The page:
Maisie Farrer’s graduate collection ‘Made-To-Expose’ explores the contrast between Punk and Couture while exploring that balance between chaos and detail. Initially inspired by the tonal white walls of her art college, She used this imagery to fuel both her monochromatic colour palette and her manipulation techniques. Maisie aimed to create a collection that expressed her love of playing with silhouette and form, which allowed her to show off her skills of dyeing and handstitch fabric manipulation.
From afar, the white college walls looked plain and mundane but up close, Maisie noticed the pin-tac holes and ink stains that decorated them and wanted to recreate a similar soft rebellion in her work. Through mix media collage she made textural studies of the walls and was immediately drawn to the staples embedded into the wood. Using them as inspiration, she began to translate the marks made by a staple onto fabric and created a variety of samples experimenting with stitch by machine and hand. Using her limited tonal colour palette, her exaggerated and repeated stitch techniques created a balance of subtlety and detail.
To continue the theme of Punk throughout her work, Maisie wanted to focus on its attitude to rebel against social norms. She translated this into textiles by incorporating unconventional waste materials into her samples. Sourced from local manufacturers, Maisie dyed a variety of plastics to create more layers to her monochromatic samples. The shiny industrial plastics paired with her natural luxury cottons created a contrast that mimicked the relationship between Punk and Couture while also challenging feminine and masculine fashion.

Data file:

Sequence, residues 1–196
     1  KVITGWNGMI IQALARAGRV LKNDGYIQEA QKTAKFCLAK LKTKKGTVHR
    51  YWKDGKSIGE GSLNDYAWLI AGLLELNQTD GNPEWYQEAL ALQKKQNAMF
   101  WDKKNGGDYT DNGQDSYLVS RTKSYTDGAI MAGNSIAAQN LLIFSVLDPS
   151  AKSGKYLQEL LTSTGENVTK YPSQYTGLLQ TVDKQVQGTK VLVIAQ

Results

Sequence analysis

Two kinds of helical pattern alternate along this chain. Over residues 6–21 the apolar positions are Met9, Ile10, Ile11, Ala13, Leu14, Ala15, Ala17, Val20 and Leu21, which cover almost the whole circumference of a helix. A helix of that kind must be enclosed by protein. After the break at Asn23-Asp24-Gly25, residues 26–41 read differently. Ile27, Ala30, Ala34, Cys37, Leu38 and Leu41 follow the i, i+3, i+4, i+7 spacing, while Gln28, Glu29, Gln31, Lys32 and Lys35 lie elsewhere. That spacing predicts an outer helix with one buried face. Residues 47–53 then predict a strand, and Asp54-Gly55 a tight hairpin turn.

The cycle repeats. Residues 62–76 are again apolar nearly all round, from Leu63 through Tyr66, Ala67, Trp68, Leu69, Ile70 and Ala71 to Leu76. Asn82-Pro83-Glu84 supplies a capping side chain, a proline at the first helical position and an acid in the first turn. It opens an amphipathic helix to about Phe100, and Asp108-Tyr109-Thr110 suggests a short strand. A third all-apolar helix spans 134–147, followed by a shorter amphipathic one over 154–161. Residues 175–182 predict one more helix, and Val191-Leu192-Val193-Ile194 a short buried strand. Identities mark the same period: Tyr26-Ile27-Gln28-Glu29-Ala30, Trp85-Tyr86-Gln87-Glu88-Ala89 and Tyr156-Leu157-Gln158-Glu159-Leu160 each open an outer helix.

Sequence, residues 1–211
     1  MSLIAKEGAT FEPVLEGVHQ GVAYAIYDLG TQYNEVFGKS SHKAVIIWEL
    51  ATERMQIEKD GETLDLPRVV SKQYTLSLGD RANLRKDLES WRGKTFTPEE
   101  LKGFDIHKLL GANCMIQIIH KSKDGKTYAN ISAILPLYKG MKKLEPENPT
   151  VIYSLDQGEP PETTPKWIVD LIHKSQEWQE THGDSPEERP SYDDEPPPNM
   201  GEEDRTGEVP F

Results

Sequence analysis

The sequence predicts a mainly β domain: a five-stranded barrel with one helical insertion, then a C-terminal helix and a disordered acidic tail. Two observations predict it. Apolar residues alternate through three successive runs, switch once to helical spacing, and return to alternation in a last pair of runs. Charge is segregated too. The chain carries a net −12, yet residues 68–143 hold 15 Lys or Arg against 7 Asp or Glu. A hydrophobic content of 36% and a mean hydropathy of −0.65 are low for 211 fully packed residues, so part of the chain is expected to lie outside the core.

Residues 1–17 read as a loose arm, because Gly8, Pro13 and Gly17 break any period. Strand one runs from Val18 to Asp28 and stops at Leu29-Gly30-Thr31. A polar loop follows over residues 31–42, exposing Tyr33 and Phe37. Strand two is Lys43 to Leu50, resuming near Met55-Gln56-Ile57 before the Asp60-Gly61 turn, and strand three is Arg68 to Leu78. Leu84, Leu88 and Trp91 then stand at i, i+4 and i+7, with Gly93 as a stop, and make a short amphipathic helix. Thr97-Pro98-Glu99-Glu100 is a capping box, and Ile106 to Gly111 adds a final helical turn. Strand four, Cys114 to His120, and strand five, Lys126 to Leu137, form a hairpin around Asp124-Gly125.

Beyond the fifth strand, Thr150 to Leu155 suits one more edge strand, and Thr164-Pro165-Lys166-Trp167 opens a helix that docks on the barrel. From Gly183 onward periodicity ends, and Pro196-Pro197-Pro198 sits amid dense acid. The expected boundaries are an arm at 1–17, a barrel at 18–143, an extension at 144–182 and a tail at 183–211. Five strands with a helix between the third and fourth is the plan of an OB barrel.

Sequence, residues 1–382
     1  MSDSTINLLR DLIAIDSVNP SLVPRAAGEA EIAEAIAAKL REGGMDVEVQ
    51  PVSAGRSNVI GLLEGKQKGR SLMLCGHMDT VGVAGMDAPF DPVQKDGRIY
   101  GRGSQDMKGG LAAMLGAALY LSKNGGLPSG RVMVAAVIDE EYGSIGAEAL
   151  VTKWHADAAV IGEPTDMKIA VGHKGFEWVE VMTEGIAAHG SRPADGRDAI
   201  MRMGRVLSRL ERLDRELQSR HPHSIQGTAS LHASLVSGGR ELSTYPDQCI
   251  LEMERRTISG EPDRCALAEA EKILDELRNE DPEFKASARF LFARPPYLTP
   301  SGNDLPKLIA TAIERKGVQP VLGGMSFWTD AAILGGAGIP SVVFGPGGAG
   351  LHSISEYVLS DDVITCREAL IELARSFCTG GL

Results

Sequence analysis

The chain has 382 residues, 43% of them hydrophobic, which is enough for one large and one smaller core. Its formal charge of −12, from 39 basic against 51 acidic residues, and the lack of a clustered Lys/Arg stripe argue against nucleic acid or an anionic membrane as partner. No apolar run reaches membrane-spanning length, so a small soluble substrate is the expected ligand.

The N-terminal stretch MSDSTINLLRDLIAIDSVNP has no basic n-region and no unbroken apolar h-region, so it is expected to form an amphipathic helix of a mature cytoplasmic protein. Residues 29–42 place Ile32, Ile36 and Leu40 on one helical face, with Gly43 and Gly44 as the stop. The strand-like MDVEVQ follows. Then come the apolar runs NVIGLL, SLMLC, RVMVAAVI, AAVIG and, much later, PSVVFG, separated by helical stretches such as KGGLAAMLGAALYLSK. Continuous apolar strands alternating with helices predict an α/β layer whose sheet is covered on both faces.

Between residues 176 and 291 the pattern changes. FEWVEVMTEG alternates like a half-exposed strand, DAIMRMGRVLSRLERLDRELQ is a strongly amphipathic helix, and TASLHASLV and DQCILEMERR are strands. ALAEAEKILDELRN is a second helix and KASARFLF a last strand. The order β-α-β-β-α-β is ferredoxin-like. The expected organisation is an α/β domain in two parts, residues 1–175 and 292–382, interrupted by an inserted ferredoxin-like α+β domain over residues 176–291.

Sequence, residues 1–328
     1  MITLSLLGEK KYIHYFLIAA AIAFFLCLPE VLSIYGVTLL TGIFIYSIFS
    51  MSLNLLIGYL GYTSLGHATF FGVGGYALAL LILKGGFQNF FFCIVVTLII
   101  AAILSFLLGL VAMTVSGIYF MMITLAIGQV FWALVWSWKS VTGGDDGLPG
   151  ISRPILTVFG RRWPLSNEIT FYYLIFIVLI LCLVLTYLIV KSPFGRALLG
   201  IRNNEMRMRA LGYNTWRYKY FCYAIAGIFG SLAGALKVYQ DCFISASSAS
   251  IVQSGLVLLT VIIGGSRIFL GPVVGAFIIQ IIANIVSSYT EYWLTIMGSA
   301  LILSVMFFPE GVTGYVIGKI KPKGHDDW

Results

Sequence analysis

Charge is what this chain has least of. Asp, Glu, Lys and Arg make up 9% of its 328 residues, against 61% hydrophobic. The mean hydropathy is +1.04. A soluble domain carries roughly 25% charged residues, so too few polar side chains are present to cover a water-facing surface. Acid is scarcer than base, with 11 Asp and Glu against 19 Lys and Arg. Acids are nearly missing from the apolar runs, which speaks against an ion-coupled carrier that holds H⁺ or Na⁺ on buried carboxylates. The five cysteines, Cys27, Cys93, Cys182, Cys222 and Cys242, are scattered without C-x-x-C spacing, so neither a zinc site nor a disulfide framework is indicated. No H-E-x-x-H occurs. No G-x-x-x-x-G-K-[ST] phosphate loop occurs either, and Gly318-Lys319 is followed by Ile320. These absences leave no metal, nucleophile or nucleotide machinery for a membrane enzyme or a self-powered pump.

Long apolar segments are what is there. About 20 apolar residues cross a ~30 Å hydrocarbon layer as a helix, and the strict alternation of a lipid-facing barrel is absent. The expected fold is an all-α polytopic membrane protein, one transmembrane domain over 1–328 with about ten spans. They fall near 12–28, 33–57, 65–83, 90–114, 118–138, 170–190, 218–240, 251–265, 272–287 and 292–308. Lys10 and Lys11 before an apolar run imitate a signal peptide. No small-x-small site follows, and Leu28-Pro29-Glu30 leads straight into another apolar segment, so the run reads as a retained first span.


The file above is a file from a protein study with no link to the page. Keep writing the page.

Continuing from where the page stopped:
After researching into the history of female undergarments, Maisie created separated her collection so she was able to explore more sides to conventional femininity. One focused on an exaggerated version of femininity, with large puffs in unconventional places, while another looked at a more structured and linear approach, which allowed Maisie to form boxy adrogynous silhouettes. Then finally, one was based entirely on the corset with every sample using a stitch she created inspired by the fastening. Maisie was able to bring her sketches to life by playing with samples on a mannequin, this process helps her to calculate scale and placement.
These are Maisie’s moodboards and some final collection pieces. Due to the corona virus pandemic and limited access to fabric, Maisie was only able visualise her samples at full scale through the use of Photoshop. She was able to adapt to turning her work digital and created collaged illustrations to bring her final pieces to life. No gender was in mind when creating each design, adding in stubbly legs and ambigious limbs, as she intends her collection to be for all.